Tuttle, C. S, Carrington, M. J, Stewart, S. & Brown, A. (2016). Overcoming the tyranny of distance: An analysis of outreach visits to optimise secondary prevention of cardiovascular disease in high-risk individuals living in Central Australia. Australian Journal of Rural Health,24(2), 99-105. Australia: Wiley-Blackwell Publishing Asia. Retrieved from https://doi.org/10.1111/ajr.12222
Objectives: We examined the logistical challenges of conducting an outreach, secondary prevention program for adults discharged from Alice Springs Hospital following an acute presentation of cardiovascular disease. Design and Setting :This represents a sub-study of the Central Australian Heart Protection Study ( CAHPS ). Clinical, logistic and demographic data were used to examine the characteristics of outreach visits in the intervention arm of the study. Participants: Fifty subjects initially allocated to the intervention arm of the trial were studied. Main outcome measures: Completion of scheduled, plus additional outreach visits according to the intervention protocol. Results: The majority of subjects presented with an acute coronary syndrome ( 44/50 ( 88% ) ) and 31 ( 62% ) were of Indigenous ethnicity. However, Indigenous subjects being younger ( 53.1 ± 11.1 versus 58.0 ± 11.0 years non-Indigenous ) had a more complex risk factor and co-morbid profile, with significantly more diabetes ( 77% versus 26% P < 0.001 ), hypertension ( 81% versus 53% P = 0.04 ) and renal failure ( 52% versus 21% P = 0.03 ). Community of origin of Indigenous subjects was 230 ± 208 km from the hospital versus 61 ± 150 km for non-Indigenous subjects ( P = 0.004 ). Indigenous subjects missed a significantly higher number of scheduled visits at six months ( 1.39 ± 2.14 versus 0.16 ± 0.50 visits; P = 0.02 ). However, multivariate analyses suggested that distance did not influence successful completion of visits. Conclusions: These early findings from CAHPS are invaluable to understanding and improving the feasibility of secondary prevention programs for Indigenous adults living with heart disease in remote communities.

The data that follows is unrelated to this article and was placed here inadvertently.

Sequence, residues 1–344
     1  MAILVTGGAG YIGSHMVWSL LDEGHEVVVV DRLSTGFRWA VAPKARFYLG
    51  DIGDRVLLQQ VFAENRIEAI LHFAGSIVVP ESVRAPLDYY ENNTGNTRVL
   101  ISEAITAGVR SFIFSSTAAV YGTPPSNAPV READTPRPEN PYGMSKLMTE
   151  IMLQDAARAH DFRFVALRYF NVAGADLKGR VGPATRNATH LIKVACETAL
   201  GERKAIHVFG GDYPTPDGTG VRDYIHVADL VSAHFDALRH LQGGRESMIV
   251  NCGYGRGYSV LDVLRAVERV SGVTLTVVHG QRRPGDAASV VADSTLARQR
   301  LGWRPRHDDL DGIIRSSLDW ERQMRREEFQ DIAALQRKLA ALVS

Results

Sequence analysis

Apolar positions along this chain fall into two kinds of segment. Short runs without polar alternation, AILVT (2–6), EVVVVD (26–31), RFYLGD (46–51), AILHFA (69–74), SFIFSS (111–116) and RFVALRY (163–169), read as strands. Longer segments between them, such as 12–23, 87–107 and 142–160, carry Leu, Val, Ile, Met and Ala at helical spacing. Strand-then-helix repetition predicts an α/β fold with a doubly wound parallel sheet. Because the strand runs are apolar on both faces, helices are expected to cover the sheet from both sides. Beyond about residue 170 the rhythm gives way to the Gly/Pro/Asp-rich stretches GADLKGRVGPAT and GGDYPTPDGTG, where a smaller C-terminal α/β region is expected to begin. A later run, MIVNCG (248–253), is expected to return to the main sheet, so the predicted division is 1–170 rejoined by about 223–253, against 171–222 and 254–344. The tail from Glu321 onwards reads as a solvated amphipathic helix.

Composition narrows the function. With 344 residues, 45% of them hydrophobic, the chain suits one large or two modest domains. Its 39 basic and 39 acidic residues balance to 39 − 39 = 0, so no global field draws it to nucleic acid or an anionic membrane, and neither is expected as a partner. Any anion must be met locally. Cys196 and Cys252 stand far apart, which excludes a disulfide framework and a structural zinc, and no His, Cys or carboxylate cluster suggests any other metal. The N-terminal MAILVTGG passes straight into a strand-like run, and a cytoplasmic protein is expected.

Mary MacKillop Institute for Health Research
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